Some may begin to feel they’re being treated unfairly. A feeling of inequity can have a negative effect on a workplace’s culture and ruin team dynamics and collaborative efforts.

Find out about other reasons mentorship programs fail here.

Tips for tailoring mentoring styles to organizational needs

We’ve seen how failed mentoring programs can wreck workplace culture. So, what should an organization do to prevent that from happening? 

A good idea would be to assess organizational and employee needs and then match suitable mentoring styles to them. For instance, fast paced industries that demand innovation can opt for facilitative styles while coaching would be better for companies requiring quick leveling up of skills.

Companies should also consider offering a variety of programs to employees rather than enforcing a one-size-fits-all approach. Whether they’re formal, peer-to-peer, or reverse, offering different mentoring styles empower employees. They can then choose the style that best suits them.

And, sure it’s great to focus on mentees, but sometimes, it’s the mentors who need attention. By investing in ways of developing mentor skills, an organization can widen the types of styles they a mentee can adopt. Some key mentoring skills that can use sprucing up include:

  • Active listening
  • Communication
  • Constructive feedback

Encourage mentors to be culturally sensitive and study different learning styles and preferences. The stronger trust and rapport they can build across diverse backgrounds, the maximum impact of the mentoring program will be.

Finally, leverage tech to create a flexible and adaptable mentoring program that will evolve with the organization. Online tools and platforms that facilitate matching, communication, and progress tracking, like Together, will make it easier to provide tailored support for a personalized experience for each individual. It will also let a company monitor progress and tweak programs for even better results.

Let’s explore this with a hypothetical example.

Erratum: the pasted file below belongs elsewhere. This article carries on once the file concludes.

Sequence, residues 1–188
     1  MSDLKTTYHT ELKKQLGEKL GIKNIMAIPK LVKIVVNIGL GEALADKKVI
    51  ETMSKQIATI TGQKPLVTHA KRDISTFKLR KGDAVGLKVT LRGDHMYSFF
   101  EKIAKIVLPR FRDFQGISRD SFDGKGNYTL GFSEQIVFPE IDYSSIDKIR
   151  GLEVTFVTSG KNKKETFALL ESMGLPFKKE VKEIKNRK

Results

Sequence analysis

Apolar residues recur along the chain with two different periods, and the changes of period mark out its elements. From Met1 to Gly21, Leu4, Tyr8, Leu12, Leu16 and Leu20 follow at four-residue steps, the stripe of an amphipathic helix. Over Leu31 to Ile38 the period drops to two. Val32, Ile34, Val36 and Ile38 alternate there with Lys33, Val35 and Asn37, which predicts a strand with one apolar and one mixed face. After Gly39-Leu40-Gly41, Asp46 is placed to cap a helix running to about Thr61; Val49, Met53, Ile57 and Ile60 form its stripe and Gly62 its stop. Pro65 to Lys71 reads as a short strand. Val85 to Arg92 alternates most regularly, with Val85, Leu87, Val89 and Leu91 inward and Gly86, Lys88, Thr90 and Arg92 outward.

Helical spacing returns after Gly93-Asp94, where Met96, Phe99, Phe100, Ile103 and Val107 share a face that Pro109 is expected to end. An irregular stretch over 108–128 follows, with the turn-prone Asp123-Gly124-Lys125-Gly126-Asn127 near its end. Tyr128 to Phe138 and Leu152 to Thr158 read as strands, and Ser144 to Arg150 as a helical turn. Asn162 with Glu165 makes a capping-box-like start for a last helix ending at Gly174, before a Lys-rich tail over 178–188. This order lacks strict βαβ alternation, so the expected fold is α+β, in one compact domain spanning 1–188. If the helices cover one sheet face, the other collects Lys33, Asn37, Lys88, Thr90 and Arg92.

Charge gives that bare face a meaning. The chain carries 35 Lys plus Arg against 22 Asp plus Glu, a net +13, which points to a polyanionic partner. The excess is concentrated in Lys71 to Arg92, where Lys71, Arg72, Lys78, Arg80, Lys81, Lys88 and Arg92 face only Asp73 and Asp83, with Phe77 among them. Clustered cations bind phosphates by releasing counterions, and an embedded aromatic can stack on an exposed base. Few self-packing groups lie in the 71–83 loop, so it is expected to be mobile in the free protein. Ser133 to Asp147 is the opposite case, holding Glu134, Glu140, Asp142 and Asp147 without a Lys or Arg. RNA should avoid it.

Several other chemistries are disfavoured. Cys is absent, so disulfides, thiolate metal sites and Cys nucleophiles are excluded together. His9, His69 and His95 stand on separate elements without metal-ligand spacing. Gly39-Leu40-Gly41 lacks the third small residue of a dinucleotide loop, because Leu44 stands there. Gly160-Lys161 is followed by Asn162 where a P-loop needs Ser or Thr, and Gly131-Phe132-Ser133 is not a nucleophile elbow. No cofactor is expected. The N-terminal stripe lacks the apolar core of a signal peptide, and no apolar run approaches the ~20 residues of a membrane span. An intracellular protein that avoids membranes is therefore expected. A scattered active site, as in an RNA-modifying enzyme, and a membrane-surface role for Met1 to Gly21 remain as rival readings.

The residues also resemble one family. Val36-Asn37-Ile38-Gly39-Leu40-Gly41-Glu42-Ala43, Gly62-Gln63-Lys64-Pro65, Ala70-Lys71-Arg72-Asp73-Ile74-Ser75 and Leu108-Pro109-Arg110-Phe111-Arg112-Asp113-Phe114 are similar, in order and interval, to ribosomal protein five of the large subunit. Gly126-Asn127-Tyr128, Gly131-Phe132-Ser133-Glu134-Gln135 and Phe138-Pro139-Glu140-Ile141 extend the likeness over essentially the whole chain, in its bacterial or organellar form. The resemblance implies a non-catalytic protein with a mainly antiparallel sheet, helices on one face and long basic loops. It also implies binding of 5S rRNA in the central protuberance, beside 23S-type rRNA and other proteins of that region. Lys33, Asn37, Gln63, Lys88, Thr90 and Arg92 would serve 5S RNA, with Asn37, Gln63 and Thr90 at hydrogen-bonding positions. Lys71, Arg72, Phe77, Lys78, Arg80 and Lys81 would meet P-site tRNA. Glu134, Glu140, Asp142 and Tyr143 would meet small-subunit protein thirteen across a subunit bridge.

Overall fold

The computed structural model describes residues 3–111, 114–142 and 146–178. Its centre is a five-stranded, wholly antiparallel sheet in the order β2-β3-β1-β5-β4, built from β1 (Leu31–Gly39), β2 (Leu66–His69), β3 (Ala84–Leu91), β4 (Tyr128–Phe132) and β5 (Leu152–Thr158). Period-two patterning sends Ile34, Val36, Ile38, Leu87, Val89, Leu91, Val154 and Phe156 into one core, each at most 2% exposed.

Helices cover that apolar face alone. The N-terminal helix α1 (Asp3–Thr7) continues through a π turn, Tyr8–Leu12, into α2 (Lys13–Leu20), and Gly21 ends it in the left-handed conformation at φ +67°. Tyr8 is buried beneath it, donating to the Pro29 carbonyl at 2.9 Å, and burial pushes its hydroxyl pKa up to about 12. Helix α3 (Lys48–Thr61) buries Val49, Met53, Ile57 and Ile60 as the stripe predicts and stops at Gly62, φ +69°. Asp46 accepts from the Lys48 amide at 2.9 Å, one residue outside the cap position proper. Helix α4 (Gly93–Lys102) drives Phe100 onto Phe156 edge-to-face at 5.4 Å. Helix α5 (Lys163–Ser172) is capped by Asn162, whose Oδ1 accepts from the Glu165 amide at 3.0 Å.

A rapidly growing tech giant is known for its innovative culture. They’re facing a challenge in maintaining an accelerated rate of innovation and cultivating a more inclusive employee experience. Their existing mentoring program is a one-size-fits-all failing to engage all employees. 

How can this organization use the tips mentioned above to come up with a successful mentoring program?

  1. By mapping needs to styles, the company identified they needed a style that encompasses both rapid skill development (coaching) and out-of-the-box thinking (facilitative style).
  2. Instead of one program, they went for three. The first was formal and directive for new hires requiring specific skill development. The second one was peer-to-peer, facilitative style for senior teams with a focus on brainstorming and collaborative problem-solving. The final one was for reverse mentoring.
  3. On the mentor side, the tech company set up online training modules on diverse learning styles, effective communication, and cultural sensitivity.
  4. They partnered with ERGs to encourage cross-cultural mentoring relationships and address specific needs of diverse groups.
  5. The tech they used helped them track progress, gather feedback, and identify areas for improvement. After brief readjustment of the program durations, matching criteria, and mentor training focus, they were able to improve the results.

Following these steps could potentially have boosted innovation (in the form of more patent applications), enhanced engagement (indicated by employee satisfaction), and improvement in key technical skills (evident when new hires continued to perform well).

Figuring out mentoring styles & their uses

It’s clear there’s more than way to mentor employees. Organizations also need to understand they’ll need to take on a nuanced approach when choosing mentoring styles for overall success. They must start by embracing diversity in mentoring programs that answers the needs of the mentees-in-question and satisfies the requirements of the company. 

What’s more, off grounding a mentoring program is just the beginning. Organizations will also need ways of managing the different programs and track their mentees’ progress. That’s a lot of work to hand without a dedicated software at hand. 

It’s also why we recommend trying Together as a solution for adopting a flexible and inclusive approach to mentorship, and accommodating different mentoring styles. It’s scalable so companies of all sizes can use it. 

Additionally, it simplifies the whole process from start to finish, including registration, pairing, feedback collection, and co-collaboration. Users can also monitor the results to tweak or scale a program as it runs or later.

Learn more about our mentorship platform today.